ROBERT SIEGEL, host:
The Justice Department says it's okay, so now it's up to the Federal Communications Commission. At issue: the merger of XM and Sirius, the two satellite radio companies. If the FCC gives the deal the go-ahead, there will be just one satellite broadcaster. And that prospect has led to some criticism of the deal.
Heather Forsgren Weaver, associate editor of Communications Daily, has been covering XM and Sirius, and she joins us from Alexandria, Virginia.
Ms. HEATHER FORSGREN WEAVER (Associate Editor, Communications Daily): Hello.
SIEGEL: And first, if the merger goes through, as you understand it, would people be able to receive the same programming on the two different kinds of receivers that XM and Sirius use?
Ms. WEAVER: The companies have said that XM customers would be able to continue to receive their XM programming, and will also be able to receive best of Sirius programming. And the same would be true for Sirius customers. They would continue to receive the Sirius programming and then there would also be a best-of-XM option.
SIEGEL: So you're saying, still, two distinctly different methods of transmission but a sprinkling of content from one to each of the other.
Ms. WEAVER: Initially, yes. Eventually, the companies proposed to do an a la carte option, where you would get programming from both systems. But that will take a different and new radio.
SIEGEL: The numbers for these two companies are interesting. XM, I've seen, has about - is at about 9 million subscribers, Sirius: 8.3 million. XM had a net loss of $682 million last year, and Sirius had a net loss of $565 million. Why wouldn't a merged company have 17 million subscribers and lose $1 billion every year? What's the argument for synergy here between these two companies getting together?
Ms. WEAVER: The argument is exactly that. That you would no longer need two jazz stations, you know, two full sets of children's programming, for example. You would save money by cutting out all of that duplication.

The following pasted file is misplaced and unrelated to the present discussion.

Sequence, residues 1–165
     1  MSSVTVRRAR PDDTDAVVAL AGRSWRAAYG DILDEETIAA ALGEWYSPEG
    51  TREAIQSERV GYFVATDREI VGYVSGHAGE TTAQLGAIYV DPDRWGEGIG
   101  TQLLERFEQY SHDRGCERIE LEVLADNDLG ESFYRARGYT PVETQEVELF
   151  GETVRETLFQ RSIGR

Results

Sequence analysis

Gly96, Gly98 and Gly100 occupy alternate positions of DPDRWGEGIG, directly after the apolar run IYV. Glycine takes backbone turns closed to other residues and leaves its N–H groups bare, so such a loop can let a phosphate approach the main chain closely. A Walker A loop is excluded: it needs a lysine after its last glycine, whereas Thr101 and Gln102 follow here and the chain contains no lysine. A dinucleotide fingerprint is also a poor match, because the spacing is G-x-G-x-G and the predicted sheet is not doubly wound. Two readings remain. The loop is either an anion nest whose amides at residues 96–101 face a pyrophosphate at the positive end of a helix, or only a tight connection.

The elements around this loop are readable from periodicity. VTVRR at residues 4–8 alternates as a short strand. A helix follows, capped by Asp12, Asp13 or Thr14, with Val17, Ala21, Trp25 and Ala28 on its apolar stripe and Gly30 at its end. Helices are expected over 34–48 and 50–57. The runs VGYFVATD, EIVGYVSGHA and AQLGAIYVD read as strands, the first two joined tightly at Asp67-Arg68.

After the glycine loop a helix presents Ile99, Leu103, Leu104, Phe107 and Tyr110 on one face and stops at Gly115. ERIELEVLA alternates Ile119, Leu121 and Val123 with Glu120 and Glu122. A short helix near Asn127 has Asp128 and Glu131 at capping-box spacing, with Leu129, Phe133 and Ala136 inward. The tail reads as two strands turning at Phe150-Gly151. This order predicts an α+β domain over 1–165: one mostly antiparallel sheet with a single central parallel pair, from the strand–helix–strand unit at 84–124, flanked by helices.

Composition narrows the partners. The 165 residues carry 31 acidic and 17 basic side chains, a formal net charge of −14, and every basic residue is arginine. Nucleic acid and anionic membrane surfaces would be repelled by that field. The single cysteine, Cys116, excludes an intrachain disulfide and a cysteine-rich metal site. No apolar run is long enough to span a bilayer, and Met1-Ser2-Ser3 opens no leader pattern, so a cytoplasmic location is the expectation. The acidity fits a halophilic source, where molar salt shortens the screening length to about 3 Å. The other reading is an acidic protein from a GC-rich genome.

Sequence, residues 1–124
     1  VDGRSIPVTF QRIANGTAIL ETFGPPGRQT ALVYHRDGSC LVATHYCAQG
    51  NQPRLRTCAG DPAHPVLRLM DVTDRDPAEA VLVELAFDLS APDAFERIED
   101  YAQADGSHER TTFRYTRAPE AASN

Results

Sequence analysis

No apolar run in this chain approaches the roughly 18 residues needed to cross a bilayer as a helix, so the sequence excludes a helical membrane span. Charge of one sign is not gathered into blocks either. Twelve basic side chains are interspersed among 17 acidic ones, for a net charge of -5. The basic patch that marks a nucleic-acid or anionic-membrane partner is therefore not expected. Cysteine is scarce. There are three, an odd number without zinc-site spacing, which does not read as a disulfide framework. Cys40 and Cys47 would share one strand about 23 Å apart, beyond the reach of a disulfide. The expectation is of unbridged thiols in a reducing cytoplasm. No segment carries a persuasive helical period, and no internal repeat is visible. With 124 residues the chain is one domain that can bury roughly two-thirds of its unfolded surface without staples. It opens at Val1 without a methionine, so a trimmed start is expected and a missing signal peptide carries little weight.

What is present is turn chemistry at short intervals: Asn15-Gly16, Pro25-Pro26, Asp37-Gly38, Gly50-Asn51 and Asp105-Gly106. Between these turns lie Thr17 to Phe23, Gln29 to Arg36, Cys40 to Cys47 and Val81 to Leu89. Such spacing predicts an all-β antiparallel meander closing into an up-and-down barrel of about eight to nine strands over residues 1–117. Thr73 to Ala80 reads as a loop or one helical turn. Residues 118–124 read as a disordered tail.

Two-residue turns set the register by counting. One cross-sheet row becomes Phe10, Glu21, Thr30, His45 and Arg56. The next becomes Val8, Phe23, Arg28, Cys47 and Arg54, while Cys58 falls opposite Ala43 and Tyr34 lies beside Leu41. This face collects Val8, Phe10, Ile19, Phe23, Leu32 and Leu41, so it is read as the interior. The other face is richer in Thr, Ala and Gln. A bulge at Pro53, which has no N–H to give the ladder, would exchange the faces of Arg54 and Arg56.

SIEGEL: But, of course, simplicity in that is to say that there will be less choice among offerings of jazz programming or children's programming or whatever with the merge XM-Sirius, if the merger is approved.
Ms. WEAVER: That would seem to be the truth, except what the Justice Department found and what the companies have long argued is you have a whole range of choices outside of satellite radio.
SIEGEL: Have people talked about if there is indeed a single company, it, perhaps, might have to be regulated in ways that over-the-air broadcasting is regulated, more like that, because there is something that is at least potentially, if not plainly, a monopoly at stake.
Ms. WEAVER: Certainly. Opponents of the merger have called for conditions that even this morning Wall Street analysts were calling poison pills. One of those conditions would be an indecency condition.
SIEGEL: You mean the FCC would catch up with Howard Stern on satellite radio, is what you're saying?
Ms. WEAVER: Exactly. Exactly. And the satellite radio operators have both rejected that.
SIEGEL: Other conditions that might be attached to the merger?
Ms. WEAVER: There have been several conditions proposed. One would reserve certain amount of channel capacity for nonprofit or educational purposes. Another is to lease capacity and infrastructure to a third party to come up with a competitor.
SIEGEL: You mean to create space for competition even within this single system that would be operated after the merger?
Ms. WEAVER: Yes.
SIEGEL: Well, Heather Forsgren Weaver, thanks a lot for talking with us about it.
Ms. WEAVER: Thank you.
SIEGEL: Heather Forsgren Weaver, who is associate editor of Communications Daily, talking about the proposed merger, now approved by the Justice Department but awaiting FCC approval of XM and Sirius.
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